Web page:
Anne set aside yet another tear stained paper to dry for later use. Unlike her father she was too frugal to throw anything that could be of use away, even in her great heartbreak. She just could not bring herself to begin the awful letter. She knew that it had to be done. She knew that her heart was playing tricks on her, and this would pass like her sisters’ passing fancies. Yet her heart was ripping slowly and painfully into two misused, bloody halves. She could not write the letter.
Anne was shaking in her desk chair, but she hardly knew it. She was in a haze. She knew nothing, but her own pain. Her face was swollen and sallow from crying and her hair was falling down in ringlets around her face as it slipped from her pins in her current frantic disposition. She gripped her pen firmly and began to write.
My Darling Wentworth,
I love you more than I can bare, but I am prevented from marrying you. It is completely impossible and would only tear us both from loved ones for a life of poverty and isolation. Please do not hate me. Surely you can see it can never be? I must do what is best for both of us and for my family.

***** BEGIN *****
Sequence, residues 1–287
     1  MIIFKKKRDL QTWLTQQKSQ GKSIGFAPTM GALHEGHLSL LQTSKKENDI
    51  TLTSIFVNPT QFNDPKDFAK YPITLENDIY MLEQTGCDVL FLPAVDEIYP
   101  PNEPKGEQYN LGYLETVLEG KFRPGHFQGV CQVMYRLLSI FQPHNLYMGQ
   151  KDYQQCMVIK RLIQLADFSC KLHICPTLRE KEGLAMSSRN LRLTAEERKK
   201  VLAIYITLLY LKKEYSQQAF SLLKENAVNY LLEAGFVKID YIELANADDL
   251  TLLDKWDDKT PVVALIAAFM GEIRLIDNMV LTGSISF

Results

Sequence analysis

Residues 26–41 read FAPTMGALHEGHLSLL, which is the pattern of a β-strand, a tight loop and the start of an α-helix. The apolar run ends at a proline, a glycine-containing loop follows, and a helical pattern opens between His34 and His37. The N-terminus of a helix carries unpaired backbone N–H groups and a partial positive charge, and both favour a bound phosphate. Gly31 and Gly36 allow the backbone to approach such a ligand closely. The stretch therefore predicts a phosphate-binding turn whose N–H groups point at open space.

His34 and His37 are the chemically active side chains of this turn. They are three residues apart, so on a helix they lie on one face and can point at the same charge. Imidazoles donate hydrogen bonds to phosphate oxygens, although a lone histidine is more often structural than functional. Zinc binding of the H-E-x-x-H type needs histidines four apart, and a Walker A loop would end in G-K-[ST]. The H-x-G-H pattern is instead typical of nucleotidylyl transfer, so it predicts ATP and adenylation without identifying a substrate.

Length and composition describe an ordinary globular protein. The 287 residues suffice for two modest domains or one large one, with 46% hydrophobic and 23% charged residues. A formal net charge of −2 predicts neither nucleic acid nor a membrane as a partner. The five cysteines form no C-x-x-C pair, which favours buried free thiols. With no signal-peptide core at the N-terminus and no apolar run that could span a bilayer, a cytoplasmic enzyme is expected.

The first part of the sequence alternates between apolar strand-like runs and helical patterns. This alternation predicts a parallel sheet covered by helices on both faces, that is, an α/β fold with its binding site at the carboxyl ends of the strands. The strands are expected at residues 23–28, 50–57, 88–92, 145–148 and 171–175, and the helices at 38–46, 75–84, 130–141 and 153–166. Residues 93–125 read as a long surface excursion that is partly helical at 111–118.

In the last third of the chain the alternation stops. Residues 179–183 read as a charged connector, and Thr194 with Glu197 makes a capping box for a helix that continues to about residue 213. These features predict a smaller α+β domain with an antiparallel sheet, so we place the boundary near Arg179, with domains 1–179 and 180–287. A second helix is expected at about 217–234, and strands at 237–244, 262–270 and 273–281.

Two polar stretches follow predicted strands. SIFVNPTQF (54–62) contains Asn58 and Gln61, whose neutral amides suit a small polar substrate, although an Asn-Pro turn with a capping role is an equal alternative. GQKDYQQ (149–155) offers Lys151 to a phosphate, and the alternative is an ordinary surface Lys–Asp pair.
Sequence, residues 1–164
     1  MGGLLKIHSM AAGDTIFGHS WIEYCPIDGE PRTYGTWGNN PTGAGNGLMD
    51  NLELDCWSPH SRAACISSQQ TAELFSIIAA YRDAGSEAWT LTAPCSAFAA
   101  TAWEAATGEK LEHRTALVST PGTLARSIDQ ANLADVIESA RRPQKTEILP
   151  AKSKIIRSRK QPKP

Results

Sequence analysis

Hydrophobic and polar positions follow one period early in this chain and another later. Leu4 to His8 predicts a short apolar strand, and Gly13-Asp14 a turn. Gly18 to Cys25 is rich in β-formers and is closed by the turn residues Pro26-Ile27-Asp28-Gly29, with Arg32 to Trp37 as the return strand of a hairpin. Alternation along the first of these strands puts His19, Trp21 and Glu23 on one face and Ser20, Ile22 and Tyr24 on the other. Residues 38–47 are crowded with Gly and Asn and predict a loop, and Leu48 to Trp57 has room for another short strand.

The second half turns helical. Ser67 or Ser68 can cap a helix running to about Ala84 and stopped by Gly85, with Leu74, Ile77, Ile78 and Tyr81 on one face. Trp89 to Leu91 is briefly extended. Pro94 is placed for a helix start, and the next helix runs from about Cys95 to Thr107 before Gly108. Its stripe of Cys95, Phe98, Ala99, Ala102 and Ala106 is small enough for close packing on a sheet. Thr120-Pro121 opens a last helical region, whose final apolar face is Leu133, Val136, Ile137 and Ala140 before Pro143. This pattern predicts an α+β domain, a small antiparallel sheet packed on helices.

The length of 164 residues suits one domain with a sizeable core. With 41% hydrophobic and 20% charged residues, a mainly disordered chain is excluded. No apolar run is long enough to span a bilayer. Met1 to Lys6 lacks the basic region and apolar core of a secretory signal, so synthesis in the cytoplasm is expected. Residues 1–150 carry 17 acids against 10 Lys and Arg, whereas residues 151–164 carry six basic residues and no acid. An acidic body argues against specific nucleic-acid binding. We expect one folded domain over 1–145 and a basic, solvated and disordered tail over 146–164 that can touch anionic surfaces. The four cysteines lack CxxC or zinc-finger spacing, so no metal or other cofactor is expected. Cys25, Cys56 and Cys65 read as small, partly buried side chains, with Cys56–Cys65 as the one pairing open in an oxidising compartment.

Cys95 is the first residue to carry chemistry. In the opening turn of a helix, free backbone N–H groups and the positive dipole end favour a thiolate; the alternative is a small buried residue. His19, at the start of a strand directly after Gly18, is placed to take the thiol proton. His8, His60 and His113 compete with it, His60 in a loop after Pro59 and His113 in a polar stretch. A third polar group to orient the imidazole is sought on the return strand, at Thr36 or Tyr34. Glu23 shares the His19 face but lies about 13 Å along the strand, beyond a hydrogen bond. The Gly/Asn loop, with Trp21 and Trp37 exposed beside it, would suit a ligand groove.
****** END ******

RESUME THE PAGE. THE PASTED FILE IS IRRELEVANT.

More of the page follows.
Your Most Ardently Devoted,
This brought on a fresh wave of agonized wailing that would have brought the whole household into her quarters had she not had a pillow at the ready in her lap to muffle her cries. She could not bare to be mocked by her sisters or father in this state, even if they did not intend it. Her family loved her, but they were not overrun with tact.
She mopped her sore, tired face with her handkerchief and allowed herself to drop this one page into the nearby fire so that seeing it again later could not revive the initial pang. She sat down solemnly and again picked up her pin.
My Dearest Wentworth,
Please do not ask me to explain, but only, I cannot marry you. Please do not be very sad. I fervently apologize for the pain this will cause you. Know that I hold you very dearly in my heart and respect you above all others, and know that I do this for both of us.
Even as she wrote her excuses she knew that she was cutting the strings that connected their two hearts one-by-one, and soon he would be lost to her forever. Each word stung more than the last, but she knew in time she would be numb to its affect. She would endure. Anne Elliot will always endure. And so, with a heavy heart, her hand met her pen once more. She knew what was necessary for them both. Make it quick. Do not drag the pain along for either party. It ends now.
My Dear Wentworth,
I must reject your offer of marriage. I apologize for any false encouragement I may have given you. I hope that we may part on good terms.